Saturday, April 06, 2013

APEX conditions and performance


Having recently seen some examples of non-optimal code in APEX conditions (e.g. item rendering conditions and read-only conditions)  I thought it worth writing a few words about them.  By putting them here on my blog I can refer to them in future rather than writing them again. Also I may receive useful feedback from readers to improve or correct my advice.

For a very simple condition such as “when the value of item P1_JOB is SALESMAN” there are many condition types to choose from including:

1) Value of item/column in Expression 1 = Expression 2

Expression 1: P1_JOB
Expression 2: SALESMAN

2) PL/SQL Expression

Expression 1: :P1_JOB = ‘SALESMAN’

3) Exists (SQL query returns at least one row)

SELECT NULL
FROM DUAL
WHERE :P1_JOB = ‘SALESMAN’

(Yes I have actually seen this one!)

4) PL/SQL Function returning Boolean

Begin
  If :P1_JOB = ‘SALESMAN’ then
    Return true;
  Else
    Return false;
  End if;
End;

… and so on.

The correct type to use in this case is (1) because it is the only declarative method; all the others require APEX to run dynamic PL/SQL to evaluate the condition.

To evaluate (1) APEX will do something like this:

IF v(expression1) = expression2 THEN…

To evaluate (2) APEX will do something like this:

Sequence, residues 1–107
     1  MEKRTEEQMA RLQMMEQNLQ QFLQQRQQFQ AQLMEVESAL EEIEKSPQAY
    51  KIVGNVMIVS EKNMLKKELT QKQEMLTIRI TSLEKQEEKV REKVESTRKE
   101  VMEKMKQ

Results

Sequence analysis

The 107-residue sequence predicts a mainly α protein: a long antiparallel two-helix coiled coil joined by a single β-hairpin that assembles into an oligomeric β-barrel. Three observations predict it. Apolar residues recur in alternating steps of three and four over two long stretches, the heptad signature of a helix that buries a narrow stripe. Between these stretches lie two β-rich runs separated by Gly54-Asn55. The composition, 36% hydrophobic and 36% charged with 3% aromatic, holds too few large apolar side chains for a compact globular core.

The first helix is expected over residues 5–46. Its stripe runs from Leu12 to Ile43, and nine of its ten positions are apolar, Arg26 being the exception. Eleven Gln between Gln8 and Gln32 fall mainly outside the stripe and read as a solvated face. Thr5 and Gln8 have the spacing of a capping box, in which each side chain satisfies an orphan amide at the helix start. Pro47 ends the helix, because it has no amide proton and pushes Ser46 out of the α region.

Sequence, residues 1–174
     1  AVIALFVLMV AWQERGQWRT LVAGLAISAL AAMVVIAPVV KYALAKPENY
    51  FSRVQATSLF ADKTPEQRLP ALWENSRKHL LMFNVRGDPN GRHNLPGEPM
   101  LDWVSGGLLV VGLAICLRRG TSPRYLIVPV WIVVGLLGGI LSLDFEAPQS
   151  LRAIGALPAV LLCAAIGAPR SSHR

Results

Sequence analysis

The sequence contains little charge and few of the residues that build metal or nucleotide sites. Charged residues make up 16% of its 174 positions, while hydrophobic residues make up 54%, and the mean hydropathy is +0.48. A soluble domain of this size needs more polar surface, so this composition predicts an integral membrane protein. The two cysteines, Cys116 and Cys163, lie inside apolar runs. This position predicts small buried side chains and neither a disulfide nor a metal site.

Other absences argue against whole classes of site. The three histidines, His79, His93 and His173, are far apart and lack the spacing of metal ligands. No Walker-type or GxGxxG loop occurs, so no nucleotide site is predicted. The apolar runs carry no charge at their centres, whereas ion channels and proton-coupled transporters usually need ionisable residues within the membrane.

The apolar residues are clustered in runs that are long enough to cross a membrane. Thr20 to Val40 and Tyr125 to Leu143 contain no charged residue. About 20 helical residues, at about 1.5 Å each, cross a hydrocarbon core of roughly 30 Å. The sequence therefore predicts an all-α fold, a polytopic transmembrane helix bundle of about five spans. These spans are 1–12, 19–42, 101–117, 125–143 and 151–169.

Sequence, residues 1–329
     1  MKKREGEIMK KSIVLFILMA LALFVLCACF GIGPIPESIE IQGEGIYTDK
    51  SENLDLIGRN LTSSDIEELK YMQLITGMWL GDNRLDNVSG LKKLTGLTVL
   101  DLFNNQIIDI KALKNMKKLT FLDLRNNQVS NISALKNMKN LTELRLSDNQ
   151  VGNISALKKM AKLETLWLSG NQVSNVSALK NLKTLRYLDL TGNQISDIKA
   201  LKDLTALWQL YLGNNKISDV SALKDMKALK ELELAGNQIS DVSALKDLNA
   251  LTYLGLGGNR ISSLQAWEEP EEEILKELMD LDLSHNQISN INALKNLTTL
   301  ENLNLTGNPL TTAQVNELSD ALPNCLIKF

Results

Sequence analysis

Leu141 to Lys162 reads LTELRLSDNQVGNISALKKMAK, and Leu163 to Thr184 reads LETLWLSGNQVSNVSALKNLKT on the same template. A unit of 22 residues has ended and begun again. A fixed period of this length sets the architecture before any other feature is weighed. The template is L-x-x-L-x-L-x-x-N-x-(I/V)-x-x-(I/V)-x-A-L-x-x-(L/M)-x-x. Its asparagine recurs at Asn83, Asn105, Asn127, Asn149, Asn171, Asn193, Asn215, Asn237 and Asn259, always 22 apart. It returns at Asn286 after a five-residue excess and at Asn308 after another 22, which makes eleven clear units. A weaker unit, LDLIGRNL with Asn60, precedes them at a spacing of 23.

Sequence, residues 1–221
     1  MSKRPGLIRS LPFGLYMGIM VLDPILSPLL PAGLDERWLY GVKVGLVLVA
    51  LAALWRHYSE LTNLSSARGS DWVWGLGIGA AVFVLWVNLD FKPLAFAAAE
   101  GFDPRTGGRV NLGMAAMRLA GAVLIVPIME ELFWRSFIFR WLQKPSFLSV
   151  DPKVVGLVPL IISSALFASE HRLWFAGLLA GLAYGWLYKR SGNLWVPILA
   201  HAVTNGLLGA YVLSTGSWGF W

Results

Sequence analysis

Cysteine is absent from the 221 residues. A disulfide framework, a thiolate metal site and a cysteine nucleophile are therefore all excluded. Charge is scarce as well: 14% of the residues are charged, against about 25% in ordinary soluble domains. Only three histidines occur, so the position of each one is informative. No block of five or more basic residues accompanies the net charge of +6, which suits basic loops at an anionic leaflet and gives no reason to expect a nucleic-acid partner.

-- Parse expression1 to look for item references e.g. :P1_JOB
EXECUTE IMMEDIATE expression1 INTO l_result USING v(item_name);

IF l_result THEN …

(In fact it will have to use DBMS_SQL not EXECUTE IMMEDIATE because the number of bind values can vary.  The pseudo-code above is merely an educated guess by the way.)

(3) and (4) will involve similar code to (2).

True, the cost of executing the dynamic PL/SQL won’t be huge, but bear in mind that a page may have many items with conditions like this, and the small penalty is then incurred many times per page load, which adds up particularly on a frequently used page.

Of course, if you need a more complex condition such as “Job is manager and location = London” then you cannot use method (1), you will need to use method (2) (not (3) or (4) please!).  Always look for the simplest and most appropriate condition type for your needs.

Also, if the condition involves a function call e.g. (emp_pkg.is_eligible(:P1_EMPNO) = ‘Y’) and is used in more than one place it is probably better to execute the function call once, assign the result to a hidden page item, and then use a type (1) condition “value of P1_IS_ELIGIBLE is equal to Y”.

6 comments:

Roel Hartman said...

Nice post!
I actually proved that you are right. See http://roelhartman.blogspot.nl/2013/05/apex-conditions-and-performance.html

Tony Andrews said...

Thanks Roel!

Bill Peters said...

How would I check for multiple conditions? For example Expression 1 = Expression 2 OR Expression 2a?

Tony Andrews said...

Bill, for a more complex condition such as your example you have to use a PL/SQL condition.

Kim said...

How would I check if a page item has a value equal to the (database) user that is logged in to the application?
I would like to use it as condition to show or hide a region

Tony Andrews said...

Kim, you can do this:
Type: Value of Item in Ex1 = Ex2
Ex1: P123_MY_ITEM
Ex2: &APP_USER.